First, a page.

Monday, January 7, 2013

2012 NFL PLAYOFFS: Random Wildcard Thoughts

Felipe M

The following are just some quick thoughts about the 2012 NFL Playoffs. Nothing too fancy:

Deja Vu?: The Cincinnati Bengals vs the Houston Texans. They played against each other last season as well. The Bengals have scored a combined 23 points. However, the Bengals' defense did make a case for being one of the game's elite as they proved why they finished the season as the #3 best defense team in terms of "weighted defense" in 2012. Unfortunately for them, Houston proved why their defense finished 5th in that same category and were able to shut the Bengals offense to 10 points. 

Like a Cincinnati Ignition: This is two years straight that the Bengals made it to the playoffs, but experienced a first-year exit. But it's really hard to comprehend what's going on in Cincinnati.  Growing up in the 1990s, the Bengals were a joke of a franchise that were being driven to the ground by owner Mike Brown. The 1st round busts that have been produced by the Bengals is very comical (David Klingler, Dan Wilkinson, Ki-Jana Carter anybody?). It was just expected that the "Bungles" would permanently be the worst team in the NFL!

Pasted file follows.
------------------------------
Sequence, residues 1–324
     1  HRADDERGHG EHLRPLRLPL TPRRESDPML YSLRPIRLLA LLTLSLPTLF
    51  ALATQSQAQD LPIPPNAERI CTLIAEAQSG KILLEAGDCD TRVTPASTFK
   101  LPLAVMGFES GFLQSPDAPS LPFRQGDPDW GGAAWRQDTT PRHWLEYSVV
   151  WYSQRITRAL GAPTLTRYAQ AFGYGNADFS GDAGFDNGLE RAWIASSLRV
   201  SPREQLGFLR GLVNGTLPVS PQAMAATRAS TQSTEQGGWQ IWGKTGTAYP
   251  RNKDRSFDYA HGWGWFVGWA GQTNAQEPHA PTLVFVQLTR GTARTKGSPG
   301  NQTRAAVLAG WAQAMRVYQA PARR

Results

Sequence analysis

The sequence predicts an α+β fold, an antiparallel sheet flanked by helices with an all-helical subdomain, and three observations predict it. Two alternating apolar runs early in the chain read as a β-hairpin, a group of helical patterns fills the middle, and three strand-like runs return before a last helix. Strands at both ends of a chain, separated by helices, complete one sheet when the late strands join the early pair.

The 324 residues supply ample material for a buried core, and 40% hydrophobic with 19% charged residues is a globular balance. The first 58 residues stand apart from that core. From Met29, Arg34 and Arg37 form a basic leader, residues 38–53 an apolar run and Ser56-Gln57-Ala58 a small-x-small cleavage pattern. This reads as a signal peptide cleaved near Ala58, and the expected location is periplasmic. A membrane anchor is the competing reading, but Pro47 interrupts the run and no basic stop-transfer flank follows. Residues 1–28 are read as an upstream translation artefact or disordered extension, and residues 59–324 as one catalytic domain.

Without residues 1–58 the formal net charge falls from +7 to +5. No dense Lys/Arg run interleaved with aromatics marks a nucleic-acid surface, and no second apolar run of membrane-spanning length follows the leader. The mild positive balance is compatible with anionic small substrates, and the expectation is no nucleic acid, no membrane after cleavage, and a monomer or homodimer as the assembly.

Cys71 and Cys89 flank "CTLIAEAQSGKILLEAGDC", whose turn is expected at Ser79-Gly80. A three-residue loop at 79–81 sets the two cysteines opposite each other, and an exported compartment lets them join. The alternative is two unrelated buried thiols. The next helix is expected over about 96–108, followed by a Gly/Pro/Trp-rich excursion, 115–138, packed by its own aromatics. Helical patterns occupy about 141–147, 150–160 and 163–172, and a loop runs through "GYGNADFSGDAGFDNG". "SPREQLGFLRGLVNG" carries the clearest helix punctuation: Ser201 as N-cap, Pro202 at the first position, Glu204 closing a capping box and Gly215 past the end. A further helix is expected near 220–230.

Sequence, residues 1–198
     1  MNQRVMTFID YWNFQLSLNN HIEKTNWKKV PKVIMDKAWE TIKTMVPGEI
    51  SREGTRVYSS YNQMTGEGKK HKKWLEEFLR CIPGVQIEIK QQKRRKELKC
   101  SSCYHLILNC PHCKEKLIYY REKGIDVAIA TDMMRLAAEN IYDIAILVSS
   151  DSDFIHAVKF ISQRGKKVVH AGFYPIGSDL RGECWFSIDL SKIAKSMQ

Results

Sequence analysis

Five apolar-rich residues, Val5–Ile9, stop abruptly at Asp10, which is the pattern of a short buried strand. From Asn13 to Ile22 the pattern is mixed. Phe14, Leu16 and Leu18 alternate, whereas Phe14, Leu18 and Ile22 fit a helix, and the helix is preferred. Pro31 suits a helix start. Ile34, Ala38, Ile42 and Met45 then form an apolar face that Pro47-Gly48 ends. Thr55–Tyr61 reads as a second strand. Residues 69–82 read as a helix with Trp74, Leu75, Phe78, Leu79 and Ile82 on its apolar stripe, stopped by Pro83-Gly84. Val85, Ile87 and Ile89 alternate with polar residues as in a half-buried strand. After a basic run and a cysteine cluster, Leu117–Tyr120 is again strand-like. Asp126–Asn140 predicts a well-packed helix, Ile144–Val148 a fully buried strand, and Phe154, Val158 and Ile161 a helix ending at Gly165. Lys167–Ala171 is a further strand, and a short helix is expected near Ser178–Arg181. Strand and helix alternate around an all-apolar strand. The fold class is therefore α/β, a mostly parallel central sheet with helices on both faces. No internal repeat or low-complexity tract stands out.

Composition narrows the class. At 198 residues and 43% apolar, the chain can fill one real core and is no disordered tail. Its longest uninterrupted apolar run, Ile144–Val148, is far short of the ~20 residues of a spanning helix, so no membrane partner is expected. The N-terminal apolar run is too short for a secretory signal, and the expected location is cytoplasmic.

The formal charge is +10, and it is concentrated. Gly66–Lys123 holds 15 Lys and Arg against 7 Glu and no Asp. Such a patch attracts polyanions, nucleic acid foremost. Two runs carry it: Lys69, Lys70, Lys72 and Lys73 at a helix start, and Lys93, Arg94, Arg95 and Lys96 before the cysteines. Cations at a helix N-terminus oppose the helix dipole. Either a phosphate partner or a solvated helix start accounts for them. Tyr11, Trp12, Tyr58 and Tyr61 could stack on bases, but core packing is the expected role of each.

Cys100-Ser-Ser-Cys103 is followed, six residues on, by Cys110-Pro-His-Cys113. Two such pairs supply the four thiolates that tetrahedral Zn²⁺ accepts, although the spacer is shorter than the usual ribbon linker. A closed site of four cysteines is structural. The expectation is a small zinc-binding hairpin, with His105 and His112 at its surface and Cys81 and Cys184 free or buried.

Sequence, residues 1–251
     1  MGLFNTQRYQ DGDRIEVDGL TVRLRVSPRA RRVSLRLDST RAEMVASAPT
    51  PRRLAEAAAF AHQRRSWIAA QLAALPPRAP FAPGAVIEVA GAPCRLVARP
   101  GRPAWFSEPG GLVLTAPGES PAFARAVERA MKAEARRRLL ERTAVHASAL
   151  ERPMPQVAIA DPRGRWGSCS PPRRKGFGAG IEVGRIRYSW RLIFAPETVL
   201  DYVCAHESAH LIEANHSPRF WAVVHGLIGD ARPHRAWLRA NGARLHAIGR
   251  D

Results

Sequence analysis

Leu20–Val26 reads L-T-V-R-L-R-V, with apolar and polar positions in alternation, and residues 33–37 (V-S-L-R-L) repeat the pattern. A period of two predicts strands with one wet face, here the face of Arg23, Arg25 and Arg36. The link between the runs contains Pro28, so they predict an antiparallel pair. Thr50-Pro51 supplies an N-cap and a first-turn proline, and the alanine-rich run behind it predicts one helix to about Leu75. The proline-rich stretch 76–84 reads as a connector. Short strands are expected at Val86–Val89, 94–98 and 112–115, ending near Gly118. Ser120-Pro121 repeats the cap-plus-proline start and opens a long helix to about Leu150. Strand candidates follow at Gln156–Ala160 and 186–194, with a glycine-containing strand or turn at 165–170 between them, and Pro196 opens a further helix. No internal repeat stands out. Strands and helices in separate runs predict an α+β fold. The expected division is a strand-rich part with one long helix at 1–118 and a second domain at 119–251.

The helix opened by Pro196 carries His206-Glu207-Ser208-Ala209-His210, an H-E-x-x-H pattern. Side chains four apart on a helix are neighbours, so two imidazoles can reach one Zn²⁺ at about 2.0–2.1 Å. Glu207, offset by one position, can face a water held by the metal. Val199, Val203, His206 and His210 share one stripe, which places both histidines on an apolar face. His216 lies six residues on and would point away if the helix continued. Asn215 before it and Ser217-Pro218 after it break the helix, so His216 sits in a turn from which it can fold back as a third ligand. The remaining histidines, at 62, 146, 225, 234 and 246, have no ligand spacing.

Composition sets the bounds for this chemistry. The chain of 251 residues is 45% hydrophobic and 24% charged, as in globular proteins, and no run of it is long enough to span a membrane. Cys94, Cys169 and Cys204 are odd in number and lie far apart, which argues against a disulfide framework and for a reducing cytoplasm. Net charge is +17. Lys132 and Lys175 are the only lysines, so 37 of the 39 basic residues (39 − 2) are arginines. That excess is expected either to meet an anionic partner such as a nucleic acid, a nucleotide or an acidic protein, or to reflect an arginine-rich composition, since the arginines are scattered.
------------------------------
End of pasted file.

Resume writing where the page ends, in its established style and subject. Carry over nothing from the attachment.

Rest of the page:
The Curious Case of Marvin Lewis: Despite head coach Marvin Lewis constantly being on the hot seat (he is one game under .500 in Cincy), he somehow finds a way to get his team to rally.  Lewis was facing death's door last year when the Bengals traded former QB starter, Carson Palmer and went ahead and inserted, then rookie, Andy Dalton. And let's not forget that defensive coordinator, Mike Zimmer is one of the best in the business and credit goes to him for creating one of the best defenses in the NFL.  It's very hard not to imagine the Bengals taking another step forward next season.